Publication: Terrorism Monitor Volume: 7 Issue: 7

The Free Lions Movement of Eastern Sudan is reporting airstrikes on arms smugglers along the Egyptian-Sudanese border by French and American warplanes (Al-Mustaqillah, March 23). According to Dr. Mabruk Mubarak Salim, head of the Free Lions Movement and former Secretary-General of the rebel Eastern Front (a coalition of the Beja Congress, the Free Lions and Darfur’s Justice and Equality Movement), the aircraft were acting on intelligence indicating arms smugglers in the area were shipping arms to Gaza. Both the smugglers and several fishing boats are alleged to have been hit in the airstrikes. To date, there has been no confirmation of the report from the remote and sparsely populated region. French and American aircraft operate from a nearby airbase in the former French colony of Djibouti.
The Free Lions Movement is based on the Arab Rashaida tribe, a nomadic group that moved into the region from the Arabian Peninsula in search of open pastures in the late 19th century. Though traditionally aloof from Sudanese politics, in recent years the Rashaida joined the indigenous Beja tribes of eastern Sudan in rebellion against the central government in Khartoum. The movement operated from bases in Eritrea, which has also become home to members of the Rashaida. An Eritrean-mediated agreement ended the rebellion in 2006. The Rashaida have a reputation for smuggling activities in the remote areas of the Red Sea coast.
A recent report co-written by Yoram Cohen, the former deputy head of Israel’s Shin Bet intelligence agency, and American Matthew Levitt, described an unlikely movement of Iranian arms to Gaza, allegedly supplied by Iran’s Revolutionary Guards: “The arms travel overland to Egypt through a variety of routes that cross Yemen, Eritrea, Ethiopia, and South Africa and eventually meet in Sudan, where they are moved to Egypt’s Sinai desert. After the material enters the Sinai, it is transferred into Gaza via tunnels underneath the Philadelphi Corridor” (Jerusalem Post, March 3). The report was issued only days before the alleged airstrikes.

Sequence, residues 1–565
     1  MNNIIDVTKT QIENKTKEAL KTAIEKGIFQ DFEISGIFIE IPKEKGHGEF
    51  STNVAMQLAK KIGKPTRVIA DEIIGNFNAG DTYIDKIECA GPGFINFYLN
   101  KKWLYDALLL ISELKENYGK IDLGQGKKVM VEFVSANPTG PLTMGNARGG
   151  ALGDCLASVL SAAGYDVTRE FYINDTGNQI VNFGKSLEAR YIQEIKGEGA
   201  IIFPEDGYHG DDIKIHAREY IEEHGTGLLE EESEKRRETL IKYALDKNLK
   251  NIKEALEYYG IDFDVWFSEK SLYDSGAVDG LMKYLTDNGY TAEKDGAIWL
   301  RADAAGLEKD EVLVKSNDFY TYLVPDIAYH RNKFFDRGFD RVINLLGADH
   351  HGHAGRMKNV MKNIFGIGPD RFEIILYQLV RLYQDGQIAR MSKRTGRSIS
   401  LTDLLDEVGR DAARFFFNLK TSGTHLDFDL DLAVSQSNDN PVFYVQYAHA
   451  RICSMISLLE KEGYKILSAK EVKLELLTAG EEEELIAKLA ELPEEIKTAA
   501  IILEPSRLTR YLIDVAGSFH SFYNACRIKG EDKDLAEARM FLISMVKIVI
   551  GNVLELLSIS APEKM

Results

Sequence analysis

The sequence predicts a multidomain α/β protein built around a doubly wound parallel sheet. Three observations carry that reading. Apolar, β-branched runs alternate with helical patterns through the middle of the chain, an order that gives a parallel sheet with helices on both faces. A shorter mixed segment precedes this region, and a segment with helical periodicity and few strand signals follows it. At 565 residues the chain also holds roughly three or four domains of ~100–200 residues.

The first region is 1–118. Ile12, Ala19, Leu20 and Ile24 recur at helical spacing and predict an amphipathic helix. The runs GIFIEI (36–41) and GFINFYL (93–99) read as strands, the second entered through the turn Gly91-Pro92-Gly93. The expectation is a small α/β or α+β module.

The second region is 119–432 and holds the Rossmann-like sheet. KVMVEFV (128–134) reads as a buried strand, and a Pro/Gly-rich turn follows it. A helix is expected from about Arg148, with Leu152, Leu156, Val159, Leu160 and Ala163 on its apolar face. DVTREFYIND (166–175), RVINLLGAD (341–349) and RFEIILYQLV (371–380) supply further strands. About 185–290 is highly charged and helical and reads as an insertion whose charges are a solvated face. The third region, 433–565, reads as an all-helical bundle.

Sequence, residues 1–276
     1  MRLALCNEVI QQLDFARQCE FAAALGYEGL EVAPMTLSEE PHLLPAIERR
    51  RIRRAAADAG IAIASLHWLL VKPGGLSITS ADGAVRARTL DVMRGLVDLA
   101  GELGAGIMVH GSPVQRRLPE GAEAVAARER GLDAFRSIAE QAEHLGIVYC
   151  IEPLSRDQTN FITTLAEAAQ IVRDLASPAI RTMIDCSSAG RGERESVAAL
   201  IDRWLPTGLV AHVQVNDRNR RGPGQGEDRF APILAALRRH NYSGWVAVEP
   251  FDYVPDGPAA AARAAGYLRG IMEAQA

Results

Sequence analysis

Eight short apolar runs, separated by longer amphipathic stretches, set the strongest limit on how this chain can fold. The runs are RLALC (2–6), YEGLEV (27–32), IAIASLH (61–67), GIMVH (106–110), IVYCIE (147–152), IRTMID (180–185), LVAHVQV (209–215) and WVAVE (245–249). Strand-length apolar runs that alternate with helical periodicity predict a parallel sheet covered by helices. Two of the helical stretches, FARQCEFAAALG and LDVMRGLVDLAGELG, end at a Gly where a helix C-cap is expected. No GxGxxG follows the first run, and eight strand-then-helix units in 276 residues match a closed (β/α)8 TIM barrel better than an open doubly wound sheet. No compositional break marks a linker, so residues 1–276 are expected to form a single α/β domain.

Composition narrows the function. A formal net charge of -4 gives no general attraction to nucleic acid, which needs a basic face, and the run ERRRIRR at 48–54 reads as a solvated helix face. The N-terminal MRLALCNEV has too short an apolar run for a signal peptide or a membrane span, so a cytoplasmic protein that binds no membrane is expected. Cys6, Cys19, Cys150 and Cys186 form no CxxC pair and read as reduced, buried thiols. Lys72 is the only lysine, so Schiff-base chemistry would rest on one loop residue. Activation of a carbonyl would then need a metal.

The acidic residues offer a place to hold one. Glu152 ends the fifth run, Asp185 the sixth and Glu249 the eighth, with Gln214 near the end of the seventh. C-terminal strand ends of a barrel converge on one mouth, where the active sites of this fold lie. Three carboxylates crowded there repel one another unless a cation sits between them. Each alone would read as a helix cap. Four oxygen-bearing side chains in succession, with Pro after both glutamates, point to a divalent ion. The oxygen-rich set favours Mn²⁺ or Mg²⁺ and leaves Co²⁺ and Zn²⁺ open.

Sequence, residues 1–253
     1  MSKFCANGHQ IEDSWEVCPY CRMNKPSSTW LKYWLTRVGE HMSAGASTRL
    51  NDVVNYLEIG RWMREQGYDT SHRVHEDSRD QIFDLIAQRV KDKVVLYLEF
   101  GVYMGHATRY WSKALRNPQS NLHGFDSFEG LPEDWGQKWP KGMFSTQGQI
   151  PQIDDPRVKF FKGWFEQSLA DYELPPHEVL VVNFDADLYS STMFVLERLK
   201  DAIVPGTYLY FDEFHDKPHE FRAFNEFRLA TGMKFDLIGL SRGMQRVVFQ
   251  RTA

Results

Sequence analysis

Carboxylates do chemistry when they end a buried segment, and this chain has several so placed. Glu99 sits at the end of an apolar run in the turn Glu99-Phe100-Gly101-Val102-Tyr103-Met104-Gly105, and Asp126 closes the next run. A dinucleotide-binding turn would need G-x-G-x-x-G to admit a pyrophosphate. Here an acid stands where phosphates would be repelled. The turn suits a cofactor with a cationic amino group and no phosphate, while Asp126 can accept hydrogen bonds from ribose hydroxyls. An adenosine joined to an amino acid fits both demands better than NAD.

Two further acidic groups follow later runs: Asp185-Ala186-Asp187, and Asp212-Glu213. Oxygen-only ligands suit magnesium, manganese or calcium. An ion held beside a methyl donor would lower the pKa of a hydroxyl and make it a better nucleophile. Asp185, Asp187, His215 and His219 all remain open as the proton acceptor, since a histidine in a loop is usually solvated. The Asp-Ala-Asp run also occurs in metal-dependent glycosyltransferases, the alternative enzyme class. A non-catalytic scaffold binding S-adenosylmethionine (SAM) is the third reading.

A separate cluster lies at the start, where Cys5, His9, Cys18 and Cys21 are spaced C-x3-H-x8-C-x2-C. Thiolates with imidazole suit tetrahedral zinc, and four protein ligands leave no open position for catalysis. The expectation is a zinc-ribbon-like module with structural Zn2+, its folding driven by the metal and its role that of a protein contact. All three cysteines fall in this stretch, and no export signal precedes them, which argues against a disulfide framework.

The Egyptian-Sudanese border occasionally makes the news when a long-standing dispute over control of the Hala’ib region flares up. To prevent the region’s Arab tribes from being divided by an artificial border, the 1899 Sudan Condominium agreement allowed for Sudanese administration of Hala’ib, a largely barren and roughly triangular area of 25,000 square kilometers lying north of the border. Sovereignty would remain with Egypt. Since both Egypt and the British-Egyptian Sudan Condominium were both under the effective control of London, the decision provoked little controversy. This would change in 1956, when British-Egyptian rule in Sudan came to an end and a newly independent Sudan began treating Hala’ib as its own territory. Oil was discovered in the region in non-commercial quantities in 1978. Sudan continued to encourage exploration of the region until Egypt occupied the area in 1992 (Middle East Quarterly, March 1994). Among the Eastern Front’s demands was the restoration of Hala’ib to Sudanese control.  Control of the region tends to become a flashpoint during periods of strained relations between the two nations, but there seems to be a mutual recognition that Hala’ib is not worth fighting over.


For several weeks now, there have been reports of heavy fighting between government forces and rebels in Ethiopia’s Ogaden region, home to a majority population of ethnic Somalis. Government officials have denied most such reports as fabrications, while asserting in other cases that government troops were not involved in the clashes.